Way back in May 2010 in an open letter (you can see it here ), the Prime Minister, David Cameron, laid out his requirement for Central and Local Government to become more transparent by publishing their data on expenditure. In the case of Local government, everything over £500 must be shown.
Francis Maude will be heading up the Public Sector Transparency Board overseeing the Salome like removal of the veils covering the mysteries of public sector procurement. Added to this is the “responsibility for setting open data standards across the public sector, publishing further datasets on the basis of public demand, and – in conjunction with the Ministry of Justice – will further develop the Right to Data and advise on its implementation”. So the right to this data will become enshrined in law it seems. All very laudable. And to be specific this is what Cameron expects from Local Government in his drive towards transparency:
- “New items of local government spending over £500 to be published on a council-by-council basis from January 2011.
- New local government contracts and tender documents for expenditure over £500 to be published in full from January 2011”.
And how does that translate into what Councils should be providing? The Government web site data.gov.uk made these recommendations back in June 2010
“… our immediate advice to local authorities is:
- Users will be interested in the core information held in the accounts system – such as expenditure code, amount paid, transaction date, beneficiary, and payment reference number. The expenditure code has to be explained and steps taken to help users identify the beneficiary
- As a first stage, publish the raw data and any lookup table needed to interpret it in a spreadsheet as a CSV or XML file as soon as possible. This should be put on the council’s website as a document for anyone to download. Or even published in a service such as Google Docs
- There is not yet a national approach for publishing local authority expenditure data. This should not stop publication of data in its raw, machine-readable form. Observing such raw data being used is the only route to a national approach, should one be required
- Publishing raw data will allow the panel and others to assess how that data could/should be presented to users. Sight of the data is worth a hundred meetings. Members of the panel will study the data, take part in the discussion and revise this advice.
- As a second stage, informed by the discussion, the panel and users can then give feedback about publishing data (RDF, CSV, etc) in a way that can be consistent across all local authorities involving structured, regularly updated data published on the Web using open standards”.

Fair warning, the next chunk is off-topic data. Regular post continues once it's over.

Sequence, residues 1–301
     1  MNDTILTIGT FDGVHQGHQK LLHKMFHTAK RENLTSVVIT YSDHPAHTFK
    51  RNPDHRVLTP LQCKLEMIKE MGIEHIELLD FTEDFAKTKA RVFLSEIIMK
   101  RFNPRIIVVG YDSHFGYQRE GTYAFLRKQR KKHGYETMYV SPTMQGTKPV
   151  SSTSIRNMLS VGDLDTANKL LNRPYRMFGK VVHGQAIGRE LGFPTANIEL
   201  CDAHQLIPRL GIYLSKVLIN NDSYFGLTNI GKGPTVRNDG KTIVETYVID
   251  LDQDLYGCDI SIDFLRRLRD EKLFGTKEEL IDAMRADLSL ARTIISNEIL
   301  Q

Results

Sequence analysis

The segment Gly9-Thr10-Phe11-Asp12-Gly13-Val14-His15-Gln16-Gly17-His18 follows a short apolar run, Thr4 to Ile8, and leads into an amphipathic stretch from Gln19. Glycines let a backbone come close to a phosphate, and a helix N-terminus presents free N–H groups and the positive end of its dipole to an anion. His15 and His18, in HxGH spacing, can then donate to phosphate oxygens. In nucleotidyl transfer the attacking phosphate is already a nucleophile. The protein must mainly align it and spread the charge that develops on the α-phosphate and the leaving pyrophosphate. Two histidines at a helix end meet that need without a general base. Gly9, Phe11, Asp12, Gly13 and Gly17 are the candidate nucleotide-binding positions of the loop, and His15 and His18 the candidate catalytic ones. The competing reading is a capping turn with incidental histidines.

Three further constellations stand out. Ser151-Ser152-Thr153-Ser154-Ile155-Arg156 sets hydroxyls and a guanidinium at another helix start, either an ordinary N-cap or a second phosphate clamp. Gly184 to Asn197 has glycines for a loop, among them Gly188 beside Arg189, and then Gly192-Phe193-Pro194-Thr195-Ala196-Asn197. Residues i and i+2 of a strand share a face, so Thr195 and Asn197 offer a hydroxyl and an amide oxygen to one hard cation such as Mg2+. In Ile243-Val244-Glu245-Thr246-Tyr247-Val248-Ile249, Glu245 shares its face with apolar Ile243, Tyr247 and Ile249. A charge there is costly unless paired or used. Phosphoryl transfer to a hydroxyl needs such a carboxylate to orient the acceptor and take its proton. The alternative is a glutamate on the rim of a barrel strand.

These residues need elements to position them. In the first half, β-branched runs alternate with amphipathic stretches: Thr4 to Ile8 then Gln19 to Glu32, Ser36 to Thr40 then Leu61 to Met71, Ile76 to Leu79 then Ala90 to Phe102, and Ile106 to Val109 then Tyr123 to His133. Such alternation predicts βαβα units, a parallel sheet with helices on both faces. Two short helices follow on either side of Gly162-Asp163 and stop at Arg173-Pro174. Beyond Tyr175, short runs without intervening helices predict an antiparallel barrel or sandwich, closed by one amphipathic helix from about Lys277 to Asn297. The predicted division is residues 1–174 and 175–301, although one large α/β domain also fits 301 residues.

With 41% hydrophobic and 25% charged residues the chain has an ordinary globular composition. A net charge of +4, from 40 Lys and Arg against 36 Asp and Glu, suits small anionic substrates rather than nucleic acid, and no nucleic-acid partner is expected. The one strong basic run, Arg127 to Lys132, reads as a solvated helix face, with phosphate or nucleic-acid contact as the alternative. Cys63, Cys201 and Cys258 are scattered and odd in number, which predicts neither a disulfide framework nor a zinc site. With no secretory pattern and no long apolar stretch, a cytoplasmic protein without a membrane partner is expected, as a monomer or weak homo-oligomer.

From this can be seen at worst its suggested, nay required, to place all information about expenditure over £500 on line in something as simple as a CSV file from January 2011.
In saying “…our shared commitment to enable the public to hold politicians and public bodies to account” Cameron’s intention is clear. It’s about the accountability of Councils for their spending to the public they serve.
It’s long been the case that politicians hide their doings using a chamber full of excuses like it’s too difficult, too complicated, too expensive or the public won’t understand etc. And even now, despite this forced openness, some are obfuscating by merely uploading a spreadsheet or even a pdf, neither of which is very helpful and does not meet the sprit of the request from central Government.
And yet, despite the lack of a clear instruction from the government on just how the data should be produced – come on Francis spell it out – some are turning searchlights on the birds nest of data they hold simplifying it and bringing it into sharp focus for the ordinary man in the street.
One such is Lichfield District Council which has produced a really useful system of its own in order to put a more friendly face on the otherwise confusing data produced in their ( or anybody else’s) CSV.
Lichfield’s web manager, Stuart Harrison, takes the CSV produced by the internal accounting systems and uploads it to his own purpose built application which he wrote for the task in PHP.
Talking of the data produced he said “the intention of the CX and myself was to make it easier for people to understand” .
The CSV files are still there for anyone wishing to download the full fat version but from what I’ve seen Harrison’s purpose built simplifier does an excellent job.
Harrison says he is prepared to share the code, which he is going to make available in the near future. Contact him for details on:- Stuart.Harrison at lichfielddc.gov.uk
As I write this, Lichfield’s figures are not currently up – taken down for some tweaking – but they will return here. In the near future.
As an aside – it will be interesting to see how Socitm view any lack of these figures during their upcoming annual “better Connected” review of local government web sites.
The deadline to get this all out there seems to be the 1st January folks so, if you haven’t sorted this out yet, best get your skates on.